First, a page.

Short Stories 366:197 — “Transitions,” by Gwen Benaway

coverEdit: A letter was brought to my attention about Gwen Benaway. I really caution anyone reading it to avoid the comments that follow it (they are full of transphobia, among other things), but given that the anthology is presented as a place to find many #ownvoice authors, it’s worth noting. (See also below re: the anthology’s publisher, and basically this whole book comes with massive warnings.) I’m leaving the review in place, but I wanted to raise the caution. 

Found in the wonderful Love Beyond Body, Space, & Time, Gwen Benaway’s story about a woman signing up for a new series of transition medications has this perfect tone of non-monolithic queerness throughout that I’m having a hard time trying to put into words. I’m not a poet, but Benaway is, and there are turns of phrases, moments described in “Transitions” that are just so, in this fundamental way that had me nodding to myself, barely realizing I was reacting physically to the story. It’s the… ownership, I think? It’s a repeating pattern in the story: this woman is transitioning and she is going to do so, she is going to find the path, and it is going to be her path.

The narrative around this (the aforementioned trial with new drug options) coincides with a visit from an elder, and the woman—herself of mixed heritage—begins to see and hear things inspired by her culture. They could be due to the treatments, though hallucinations aren’t a part of the likely side-effects. The elder also offers her insight into transition (versus her own culture’s take on what it means to be a woman), and it was at this intersection of moments where I found myself so completely enthralled by the inner voice of the character, who is saying so very clearly that she is going to do this her way, and all the well-meaning advice from every source is neither required nor requested. I wanted to cheer.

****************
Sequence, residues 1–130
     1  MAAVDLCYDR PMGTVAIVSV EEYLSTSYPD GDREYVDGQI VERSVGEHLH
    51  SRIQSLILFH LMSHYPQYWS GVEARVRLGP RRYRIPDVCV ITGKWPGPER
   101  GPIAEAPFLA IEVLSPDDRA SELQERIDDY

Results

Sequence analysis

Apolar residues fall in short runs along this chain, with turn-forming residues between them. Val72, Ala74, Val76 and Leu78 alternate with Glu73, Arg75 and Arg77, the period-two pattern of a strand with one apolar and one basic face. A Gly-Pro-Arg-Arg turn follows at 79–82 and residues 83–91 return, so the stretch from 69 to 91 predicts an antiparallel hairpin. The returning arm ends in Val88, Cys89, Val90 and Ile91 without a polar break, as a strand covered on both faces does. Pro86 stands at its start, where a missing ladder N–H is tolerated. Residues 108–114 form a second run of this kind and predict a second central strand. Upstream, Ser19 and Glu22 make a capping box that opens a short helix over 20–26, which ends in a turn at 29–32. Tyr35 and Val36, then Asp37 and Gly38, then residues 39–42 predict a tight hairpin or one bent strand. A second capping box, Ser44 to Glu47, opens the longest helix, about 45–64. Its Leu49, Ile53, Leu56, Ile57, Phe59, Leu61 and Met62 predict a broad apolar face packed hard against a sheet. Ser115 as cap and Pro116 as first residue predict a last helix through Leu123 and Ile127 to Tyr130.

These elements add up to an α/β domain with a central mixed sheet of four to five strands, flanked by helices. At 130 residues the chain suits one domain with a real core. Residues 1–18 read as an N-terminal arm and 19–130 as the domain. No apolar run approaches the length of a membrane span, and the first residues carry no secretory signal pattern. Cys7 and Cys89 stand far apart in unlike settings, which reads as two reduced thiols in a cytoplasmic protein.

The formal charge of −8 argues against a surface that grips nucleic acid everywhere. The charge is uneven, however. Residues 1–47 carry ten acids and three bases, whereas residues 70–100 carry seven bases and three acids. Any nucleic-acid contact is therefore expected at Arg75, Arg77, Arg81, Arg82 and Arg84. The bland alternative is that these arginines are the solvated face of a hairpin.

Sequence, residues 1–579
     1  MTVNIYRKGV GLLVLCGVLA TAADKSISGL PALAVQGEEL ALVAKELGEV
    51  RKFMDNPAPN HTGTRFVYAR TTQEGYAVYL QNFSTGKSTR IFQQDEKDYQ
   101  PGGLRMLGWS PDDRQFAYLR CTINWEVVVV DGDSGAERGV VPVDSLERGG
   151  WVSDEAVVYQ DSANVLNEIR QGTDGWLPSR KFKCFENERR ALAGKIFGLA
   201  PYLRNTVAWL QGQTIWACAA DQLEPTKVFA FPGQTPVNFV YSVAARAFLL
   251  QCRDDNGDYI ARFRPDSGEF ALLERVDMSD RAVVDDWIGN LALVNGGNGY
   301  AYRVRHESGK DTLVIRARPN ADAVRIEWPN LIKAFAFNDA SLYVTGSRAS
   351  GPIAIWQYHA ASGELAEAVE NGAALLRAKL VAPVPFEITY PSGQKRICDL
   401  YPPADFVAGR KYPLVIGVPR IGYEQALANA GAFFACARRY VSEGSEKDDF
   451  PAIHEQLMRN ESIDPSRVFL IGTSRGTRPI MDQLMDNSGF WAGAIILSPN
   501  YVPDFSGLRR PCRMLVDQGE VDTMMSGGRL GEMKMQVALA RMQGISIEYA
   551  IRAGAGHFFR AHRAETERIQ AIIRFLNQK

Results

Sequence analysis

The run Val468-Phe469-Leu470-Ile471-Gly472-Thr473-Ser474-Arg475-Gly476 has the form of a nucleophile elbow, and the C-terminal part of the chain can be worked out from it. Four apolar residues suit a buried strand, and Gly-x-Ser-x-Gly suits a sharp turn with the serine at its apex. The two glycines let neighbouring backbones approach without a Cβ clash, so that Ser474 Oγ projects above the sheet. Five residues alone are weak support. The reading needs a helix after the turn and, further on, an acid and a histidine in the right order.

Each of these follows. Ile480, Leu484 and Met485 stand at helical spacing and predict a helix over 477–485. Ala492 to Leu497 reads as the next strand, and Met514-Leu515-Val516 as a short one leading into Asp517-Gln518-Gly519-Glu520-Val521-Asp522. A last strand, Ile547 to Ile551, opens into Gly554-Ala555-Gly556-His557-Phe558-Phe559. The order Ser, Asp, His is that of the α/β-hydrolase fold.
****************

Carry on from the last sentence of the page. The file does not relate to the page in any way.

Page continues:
Ultimately, the story doesn’t wrap up with a tidy ending, absolutely refuses to give the reader a simple answer, and leaves the character looking at her future and considering options and—most centrally, most importantly—what she wants to do. It’s safe to say I loved this tale, and I hope that’s obvious, and it isn’t just the ownership of the individual character’s path. But honestly, the sheer sense of “I am me, your advice is irrelevant” burning on the page was exactly what I needed when I read this. I’m so glad I found this story.

A note: I found this story in Love Beyond Body, Space, and Time: An LGBT and Two-Spirit Sci-Fi Anthology, but I need to point out this is one of those anthologies I’ve had in my collection for, well, years. It’s been sitting on my iPad, and it was only when someone asked me if I’d read it that I went to look and found out the publisher is defunct due to the publisher, Bedside Press, being shuttered when the editor confessed to sexual misconduct and sexual assault. After I went looking online and hit that roadblock, I was looking through my digital library to see what other anthologies I had and found my copy. Accordingly, I’m not suggesting you pick up the anthology.

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